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One chart shows why Elon Musk axed half of Twitter's workforce

  • Twitter's revenue per employee crashed in the years before Elon Musk's takeover.

  • This measure of efficiency is back in vogue in tech, according to executives and investors.

  • The figure might explain Musk's decision to cut thousands of jobs.

The revenue generated by each employee at Twitter collapsed in the years running up to Elon Musk's $44 billion buyout, shedding light on why the billionaire planned to axe half of staff after taking over.

Twitter's revenue per employee cratered between 2018 and 2022, Insider analysis of the firm's SEC filings found.

Since Twitter went private before releasing its financials for the third quarter of 2022, we used revenue data from the first two quarters to come up with a back-of-the-envelope annualized figure for the year. On that basis, Twitter's revenue per employee fell an estimated 18.2% between 2018 and 2022 — steeper than other major tech firms.

 

Revenue per employee is a simple measure of efficiency that was previously in vogue in the aftermath of the 2008 financial crash. It gives companies a chance to assess how productive each employee at their company is on average by dividing revenue by the size of their payroll. A growing number of influential tech executives and investors say tech firms, bloated by over-hiring, should re-prioritize the metric.

Since 2018, Twitter has seen a drastic fall in the revenue generated per employee. The number fell from $776,112 in 2018 to our annualized figure of $634,666 in 2022, illustrating the firm's continued struggles to turn a profit.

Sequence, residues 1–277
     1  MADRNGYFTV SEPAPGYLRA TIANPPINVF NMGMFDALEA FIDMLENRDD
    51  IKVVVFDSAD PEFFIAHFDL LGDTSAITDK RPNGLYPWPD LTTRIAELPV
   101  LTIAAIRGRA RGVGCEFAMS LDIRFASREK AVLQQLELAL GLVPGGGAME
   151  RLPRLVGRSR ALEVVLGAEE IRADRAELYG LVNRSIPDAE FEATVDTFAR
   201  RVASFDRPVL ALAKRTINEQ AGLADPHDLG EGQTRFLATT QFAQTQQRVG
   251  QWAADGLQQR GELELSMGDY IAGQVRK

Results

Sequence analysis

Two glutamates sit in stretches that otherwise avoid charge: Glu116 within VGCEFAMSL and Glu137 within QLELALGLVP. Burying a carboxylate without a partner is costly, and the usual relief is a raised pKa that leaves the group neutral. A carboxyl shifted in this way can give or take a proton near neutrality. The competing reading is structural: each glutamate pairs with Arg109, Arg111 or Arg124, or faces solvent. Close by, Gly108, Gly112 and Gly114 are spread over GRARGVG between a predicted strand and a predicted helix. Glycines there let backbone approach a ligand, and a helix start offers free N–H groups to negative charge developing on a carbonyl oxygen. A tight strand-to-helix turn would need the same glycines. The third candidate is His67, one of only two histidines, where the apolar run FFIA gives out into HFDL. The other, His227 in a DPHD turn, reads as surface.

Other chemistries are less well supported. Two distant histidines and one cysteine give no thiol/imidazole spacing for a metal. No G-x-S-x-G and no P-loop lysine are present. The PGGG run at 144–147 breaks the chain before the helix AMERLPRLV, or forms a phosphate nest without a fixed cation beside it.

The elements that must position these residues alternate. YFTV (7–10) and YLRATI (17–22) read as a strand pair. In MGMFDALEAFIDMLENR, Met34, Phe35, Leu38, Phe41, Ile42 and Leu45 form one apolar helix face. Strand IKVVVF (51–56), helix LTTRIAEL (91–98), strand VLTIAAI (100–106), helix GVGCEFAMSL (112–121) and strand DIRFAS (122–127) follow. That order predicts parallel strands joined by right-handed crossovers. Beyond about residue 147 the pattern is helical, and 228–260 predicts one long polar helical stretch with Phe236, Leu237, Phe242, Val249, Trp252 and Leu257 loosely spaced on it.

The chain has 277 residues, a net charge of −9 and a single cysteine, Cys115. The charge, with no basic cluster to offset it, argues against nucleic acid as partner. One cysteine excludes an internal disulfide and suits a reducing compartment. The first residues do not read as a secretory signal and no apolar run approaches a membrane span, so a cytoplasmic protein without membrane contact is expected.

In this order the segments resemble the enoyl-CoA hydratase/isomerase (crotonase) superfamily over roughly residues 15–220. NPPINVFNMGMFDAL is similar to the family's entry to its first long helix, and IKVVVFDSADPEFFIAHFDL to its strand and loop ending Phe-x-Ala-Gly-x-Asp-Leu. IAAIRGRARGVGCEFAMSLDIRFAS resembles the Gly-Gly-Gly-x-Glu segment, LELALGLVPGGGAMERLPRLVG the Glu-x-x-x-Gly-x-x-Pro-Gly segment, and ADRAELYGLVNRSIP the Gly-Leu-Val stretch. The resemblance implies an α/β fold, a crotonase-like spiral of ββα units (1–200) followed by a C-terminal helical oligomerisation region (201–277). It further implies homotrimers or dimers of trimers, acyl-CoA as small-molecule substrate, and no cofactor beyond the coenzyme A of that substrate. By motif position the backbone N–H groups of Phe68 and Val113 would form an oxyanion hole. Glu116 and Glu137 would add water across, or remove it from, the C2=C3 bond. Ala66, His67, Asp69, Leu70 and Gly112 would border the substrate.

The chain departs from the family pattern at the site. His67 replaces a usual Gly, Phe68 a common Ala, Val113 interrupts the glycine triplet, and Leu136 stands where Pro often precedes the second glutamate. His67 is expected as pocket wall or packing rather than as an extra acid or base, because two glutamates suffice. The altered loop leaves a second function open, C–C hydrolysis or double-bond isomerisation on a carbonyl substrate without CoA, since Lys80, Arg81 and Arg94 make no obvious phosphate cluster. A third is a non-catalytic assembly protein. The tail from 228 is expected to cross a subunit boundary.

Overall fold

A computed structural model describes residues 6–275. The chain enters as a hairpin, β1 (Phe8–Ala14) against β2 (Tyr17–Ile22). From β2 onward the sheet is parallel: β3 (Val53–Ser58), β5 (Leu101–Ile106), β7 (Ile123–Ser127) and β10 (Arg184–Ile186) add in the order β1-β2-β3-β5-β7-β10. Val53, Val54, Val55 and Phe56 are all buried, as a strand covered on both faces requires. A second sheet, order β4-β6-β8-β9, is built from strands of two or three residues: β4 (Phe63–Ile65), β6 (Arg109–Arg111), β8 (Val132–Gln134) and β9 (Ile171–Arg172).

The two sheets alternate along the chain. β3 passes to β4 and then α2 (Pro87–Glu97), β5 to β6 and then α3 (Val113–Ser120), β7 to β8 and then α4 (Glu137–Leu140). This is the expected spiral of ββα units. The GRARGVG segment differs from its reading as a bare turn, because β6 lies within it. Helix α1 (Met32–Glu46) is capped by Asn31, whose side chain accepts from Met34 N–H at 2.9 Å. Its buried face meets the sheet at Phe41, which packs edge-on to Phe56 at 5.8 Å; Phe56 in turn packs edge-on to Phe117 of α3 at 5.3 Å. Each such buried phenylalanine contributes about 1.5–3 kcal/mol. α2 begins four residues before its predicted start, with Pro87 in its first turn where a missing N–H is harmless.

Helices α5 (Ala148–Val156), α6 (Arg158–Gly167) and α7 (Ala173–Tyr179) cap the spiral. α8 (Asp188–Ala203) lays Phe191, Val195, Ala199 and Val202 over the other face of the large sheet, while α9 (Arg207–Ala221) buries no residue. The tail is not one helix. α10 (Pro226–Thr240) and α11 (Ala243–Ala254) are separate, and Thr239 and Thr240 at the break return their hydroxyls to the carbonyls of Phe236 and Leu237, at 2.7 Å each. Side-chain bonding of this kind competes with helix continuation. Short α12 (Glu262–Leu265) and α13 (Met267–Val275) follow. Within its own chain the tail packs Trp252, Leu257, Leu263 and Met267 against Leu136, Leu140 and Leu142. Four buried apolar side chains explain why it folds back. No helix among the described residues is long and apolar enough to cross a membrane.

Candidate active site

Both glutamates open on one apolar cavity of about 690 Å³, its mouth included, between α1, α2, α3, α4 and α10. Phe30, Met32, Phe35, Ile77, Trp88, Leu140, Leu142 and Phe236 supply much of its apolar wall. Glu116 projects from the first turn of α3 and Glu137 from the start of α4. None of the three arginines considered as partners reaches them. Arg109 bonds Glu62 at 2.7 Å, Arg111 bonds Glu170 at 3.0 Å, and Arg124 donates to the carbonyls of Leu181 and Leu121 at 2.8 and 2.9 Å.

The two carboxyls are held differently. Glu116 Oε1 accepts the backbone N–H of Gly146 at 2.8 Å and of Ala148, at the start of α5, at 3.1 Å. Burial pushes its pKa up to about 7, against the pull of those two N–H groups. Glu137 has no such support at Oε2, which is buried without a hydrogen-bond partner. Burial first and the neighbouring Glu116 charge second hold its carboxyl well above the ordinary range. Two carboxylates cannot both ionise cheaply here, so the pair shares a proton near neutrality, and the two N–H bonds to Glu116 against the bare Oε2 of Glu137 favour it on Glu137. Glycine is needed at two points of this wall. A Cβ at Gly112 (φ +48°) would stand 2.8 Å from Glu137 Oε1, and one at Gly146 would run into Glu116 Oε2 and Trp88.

At the same time, Twitter almost doubled its headcount from 3,920 in 2018 to around 7,500.

Since taking over, Musk has laid off thousands of staff and been vocal about focusing on a core of critical engineers, publicly lambasting those whose work appears less than necessary. Insider's Kali Hays reported last month that the billionaire remains highly focused on cost-cutting — sometimes at the expense of Twitter's functionality.

When making Twitter's first round of cuts in November, Musk tweeted that "unfortunately there is no choice when the company is losing over $4M/day." Those who remained were told to expect an "extremely hardcore" working culture.

Revenue pressure is particularly acute at the firm given costly interest repayments on the $13 billion of debt Musk took on to finance his buyout. The company's first payment to lenders was completed by the end of January, per the FT.

Despite mixed success in keeping Twitter running smoothly, Musk and his layoffs have been closely watched and replicated across tech. Meta, Alphabet, Amazon, and others have subsequently axed thousands of roles in the name of efficiency. Over 157,000 workers have lost their jobs since January this year, according to data from tracker site Layoffs.fyi.

In a virtual fireside conversation this month with investment bank Evercore, investor and PayPal Mafia member Keith Rabois said he expected revenue per employee to make a return as companies prioritize profitability.

Rabois and other hawkish execs have lauded layoffs, saying that many of the jobs being cut mostly revolved around "fake work" enabled by companies chasing headcount as a vanity metric.

Correction: April 4 2023 — A previous version of this story misstated Twitter's revenue-per-employee decline. Based on annualized data for 2022, it is an estimated 18.2%, not 60%.

Read the original article on Business Insider

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